OTTAWA -- Conservative senator Patrick Brazeau is a colourful character.
He tends to speak his mind and almost as often as not, he speaks with one foot jammed into his mouth.
But his past skirmishes, including having to temporarily close his Twitter account last year after he called a parliamentary reporter a bitch in a tweet, seem inconsequential compared to the latest one. Last week, at a fundraising event in Ottawa for a local provincial Tory politician, Brazeau was recorded discussing the Idle No More movement and the hunger strike/fast/liquid diet protest of Attawapiskat Chief Theresa Spence.
"They don't stand for anything," he said of the Idle No More protesters. "I, as an Algonquin person, am living proof that no one will colonize me."
He was not happy Spence refused to meet with any government MPs, but allowed opposition MPs freely inside her compound.
It's all well and good for Brazeau to disagree with Spence. Just because he is aboriginal does not mean he has to believe in everything another aboriginal person does. Diversity does and should exist among First Nations.
Criticizing Spence for refusing to speak to government representatives is a totally legitimate call -- how can they expect change if they shun the people who ultimately hold the power to help?
But Brazeau did not stop his criticism at the motives of the movement or its methods. He turned it into a personal attack on Spence.
"I was sick two weeks ago. I had the flu and I lost five pounds. I look at Miss Spence, when she started her hunger strike, and now?" Someone from the audience answered the question for him: "She's fatter."
The audience laughed.
When a sitting senator of the government turns a serious conversation into a punch line, we have officially fallen below the level of decency and professionalism expected of our leaders.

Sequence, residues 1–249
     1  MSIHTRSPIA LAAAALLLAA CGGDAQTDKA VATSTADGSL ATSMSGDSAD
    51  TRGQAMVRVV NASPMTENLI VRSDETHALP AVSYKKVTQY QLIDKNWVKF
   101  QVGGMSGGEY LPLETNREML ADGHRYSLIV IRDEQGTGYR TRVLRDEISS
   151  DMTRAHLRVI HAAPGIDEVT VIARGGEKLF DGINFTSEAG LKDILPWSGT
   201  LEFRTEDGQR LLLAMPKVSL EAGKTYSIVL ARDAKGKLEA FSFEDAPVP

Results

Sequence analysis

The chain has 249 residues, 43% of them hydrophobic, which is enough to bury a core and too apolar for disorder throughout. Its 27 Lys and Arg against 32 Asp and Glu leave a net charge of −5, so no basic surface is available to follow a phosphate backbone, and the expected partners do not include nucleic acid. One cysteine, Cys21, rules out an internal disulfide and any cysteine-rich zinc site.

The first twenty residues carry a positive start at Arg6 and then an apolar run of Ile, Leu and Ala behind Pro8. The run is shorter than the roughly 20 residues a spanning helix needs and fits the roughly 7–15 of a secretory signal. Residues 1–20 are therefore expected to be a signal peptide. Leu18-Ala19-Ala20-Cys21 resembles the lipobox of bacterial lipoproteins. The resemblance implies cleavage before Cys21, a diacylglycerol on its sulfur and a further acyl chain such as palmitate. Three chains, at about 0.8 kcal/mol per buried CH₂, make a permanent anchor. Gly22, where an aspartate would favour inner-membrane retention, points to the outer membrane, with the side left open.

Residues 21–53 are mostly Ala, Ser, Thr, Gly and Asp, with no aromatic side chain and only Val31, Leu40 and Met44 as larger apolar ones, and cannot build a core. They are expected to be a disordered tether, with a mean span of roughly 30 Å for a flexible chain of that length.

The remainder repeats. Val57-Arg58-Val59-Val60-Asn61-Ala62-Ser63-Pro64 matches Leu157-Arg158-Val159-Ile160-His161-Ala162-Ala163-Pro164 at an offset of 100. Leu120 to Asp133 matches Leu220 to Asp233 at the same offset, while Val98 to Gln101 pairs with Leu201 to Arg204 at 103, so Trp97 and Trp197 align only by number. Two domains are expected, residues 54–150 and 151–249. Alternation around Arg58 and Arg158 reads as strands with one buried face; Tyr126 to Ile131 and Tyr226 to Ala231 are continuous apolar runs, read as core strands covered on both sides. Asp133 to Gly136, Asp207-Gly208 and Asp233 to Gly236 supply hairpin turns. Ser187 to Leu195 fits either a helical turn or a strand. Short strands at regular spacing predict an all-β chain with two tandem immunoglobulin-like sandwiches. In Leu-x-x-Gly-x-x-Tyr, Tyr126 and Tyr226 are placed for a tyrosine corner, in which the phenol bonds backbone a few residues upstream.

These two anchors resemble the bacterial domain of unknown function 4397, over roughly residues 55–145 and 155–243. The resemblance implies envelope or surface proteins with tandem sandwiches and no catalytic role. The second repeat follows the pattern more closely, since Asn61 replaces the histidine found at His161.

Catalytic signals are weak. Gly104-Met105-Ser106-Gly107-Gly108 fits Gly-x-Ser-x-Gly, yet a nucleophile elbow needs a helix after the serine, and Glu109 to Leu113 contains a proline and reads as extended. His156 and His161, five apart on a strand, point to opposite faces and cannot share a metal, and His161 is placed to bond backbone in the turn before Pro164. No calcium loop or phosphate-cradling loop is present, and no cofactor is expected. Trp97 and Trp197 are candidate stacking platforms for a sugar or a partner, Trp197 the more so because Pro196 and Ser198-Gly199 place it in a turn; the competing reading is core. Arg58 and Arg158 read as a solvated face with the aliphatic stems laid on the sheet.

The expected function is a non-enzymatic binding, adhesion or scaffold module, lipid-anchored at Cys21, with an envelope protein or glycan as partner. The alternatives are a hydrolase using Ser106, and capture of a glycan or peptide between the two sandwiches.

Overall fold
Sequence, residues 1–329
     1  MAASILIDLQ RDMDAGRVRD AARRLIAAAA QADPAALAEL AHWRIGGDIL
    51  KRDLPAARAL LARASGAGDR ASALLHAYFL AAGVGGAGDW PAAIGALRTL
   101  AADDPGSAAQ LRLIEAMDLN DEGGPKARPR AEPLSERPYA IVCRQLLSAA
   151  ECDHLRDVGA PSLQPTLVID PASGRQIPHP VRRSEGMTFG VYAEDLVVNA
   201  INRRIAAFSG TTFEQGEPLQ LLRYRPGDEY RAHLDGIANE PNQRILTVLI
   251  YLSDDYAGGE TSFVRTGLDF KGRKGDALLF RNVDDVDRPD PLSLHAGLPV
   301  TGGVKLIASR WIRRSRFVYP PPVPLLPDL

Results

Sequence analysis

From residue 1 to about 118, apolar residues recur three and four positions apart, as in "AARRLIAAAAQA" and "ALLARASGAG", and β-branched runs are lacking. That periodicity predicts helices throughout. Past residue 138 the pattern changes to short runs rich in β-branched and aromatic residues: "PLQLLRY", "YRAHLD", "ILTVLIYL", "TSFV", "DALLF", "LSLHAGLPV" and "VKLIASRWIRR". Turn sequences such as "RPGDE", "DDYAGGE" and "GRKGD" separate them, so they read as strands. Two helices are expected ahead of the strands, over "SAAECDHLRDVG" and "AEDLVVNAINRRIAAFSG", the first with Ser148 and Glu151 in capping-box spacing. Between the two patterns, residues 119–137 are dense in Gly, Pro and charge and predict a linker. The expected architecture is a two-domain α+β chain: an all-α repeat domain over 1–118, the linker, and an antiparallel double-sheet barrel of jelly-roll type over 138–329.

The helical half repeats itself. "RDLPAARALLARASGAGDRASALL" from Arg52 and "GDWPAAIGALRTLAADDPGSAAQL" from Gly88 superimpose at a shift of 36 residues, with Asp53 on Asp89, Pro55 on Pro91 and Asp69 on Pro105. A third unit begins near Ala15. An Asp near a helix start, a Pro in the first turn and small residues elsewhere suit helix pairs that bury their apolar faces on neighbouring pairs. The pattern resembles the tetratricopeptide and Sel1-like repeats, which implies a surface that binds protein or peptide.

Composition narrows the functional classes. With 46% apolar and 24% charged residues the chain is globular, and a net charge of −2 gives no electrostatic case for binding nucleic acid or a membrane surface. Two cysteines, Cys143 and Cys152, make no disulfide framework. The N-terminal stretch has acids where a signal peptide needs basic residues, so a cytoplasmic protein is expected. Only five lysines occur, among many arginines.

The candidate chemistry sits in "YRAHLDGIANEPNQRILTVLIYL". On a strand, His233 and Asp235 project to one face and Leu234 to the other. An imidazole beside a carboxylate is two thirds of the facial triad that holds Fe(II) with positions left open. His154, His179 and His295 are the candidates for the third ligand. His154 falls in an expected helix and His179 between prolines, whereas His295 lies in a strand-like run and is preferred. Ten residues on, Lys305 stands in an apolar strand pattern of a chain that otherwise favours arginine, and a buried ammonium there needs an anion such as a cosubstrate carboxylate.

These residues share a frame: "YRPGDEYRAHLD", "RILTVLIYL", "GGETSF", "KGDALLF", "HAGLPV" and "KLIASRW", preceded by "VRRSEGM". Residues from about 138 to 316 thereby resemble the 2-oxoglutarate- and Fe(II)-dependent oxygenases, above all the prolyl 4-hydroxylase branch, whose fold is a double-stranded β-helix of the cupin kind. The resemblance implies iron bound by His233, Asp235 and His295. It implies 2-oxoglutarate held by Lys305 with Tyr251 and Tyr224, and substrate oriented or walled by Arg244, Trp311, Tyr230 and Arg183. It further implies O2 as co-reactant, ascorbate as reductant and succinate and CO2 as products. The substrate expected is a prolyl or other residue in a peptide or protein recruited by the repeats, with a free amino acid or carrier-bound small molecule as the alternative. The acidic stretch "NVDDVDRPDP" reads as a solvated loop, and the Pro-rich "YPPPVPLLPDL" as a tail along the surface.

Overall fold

Instead of just trolls on blogs and media websites calling Spence fat and suggesting she was a faker who obviously was sneaking in Snickers bars when the blurry-eyed national media weren't looking, now we have a senator doing it himself.
He wasn't the only one making comments at the event. Ottawa-area Conservative MP Royal Galipeau was also there, talking about how he visited Spence in her teepee on Victoria Island.
"I stood in the circle around Chief Spence. I noticed that manicure of hers. I tell you (my wife) can't afford it."
It's one of the most common accusations tossed off at chiefs and councillors in Canada -- that since so many of their people are living in poverty, they, too, should be unable to afford to buy a car, own a house or take a vacation somewhere warm in the winter. There are 3.2 million poor people in Canada, 634,000 of them children, according to Statistics Canada. It is as ridiculous to suggest Brazeau and Galipeau, or Prime Minister Stephen Harper, should forego most of their own six-figure salaries as long as there are poor people in Canada as it is to suggest Spence can't possibly be trusted as a chief of a desperate reserve since she has well-kept nails.
That this was all coming from one elected and one appointed parliamentarian makes it all the more alarming.
Brazeau hasn't apologized and refuses to do so. Galipeau admitted he shouldn't have made the comments because it is now drawing attention to himself, but he did not apologize for them or withdraw the remarks.
But more importantly, Harper -- the leader and boss of both of those individuals -- has said nary a word to dispel these comments.
His office ignored a media question Friday wondering what he thought of the comments.
Murray Clearsky, the grand chief of the Southern Chiefs Organization in Manitoba, wrote to Harper Friday asking for an acknowledgement that "two of your minions have crossed a line that requires immediate reparations for the good of the country."
The comments, said Clearsky, were "insulting" and Harper's silence "is a reflection of the condescending view you and your administration hold toward the original peoples of this land."
The comments made by Brazeau and Galipeau do nothing to help the growing divide between First Nations and the federal government. They do nothing but play into the stereotypes and racism that underlie much of the struggle First Nations have had in this country for the past 140 years.
They do nothing to move forward on any of the serious and immense issues facing First Nations and Canada.
And they encourage the racist thinking that has reared its ugly head in spades since Idle No More and Spence started gaining national attention.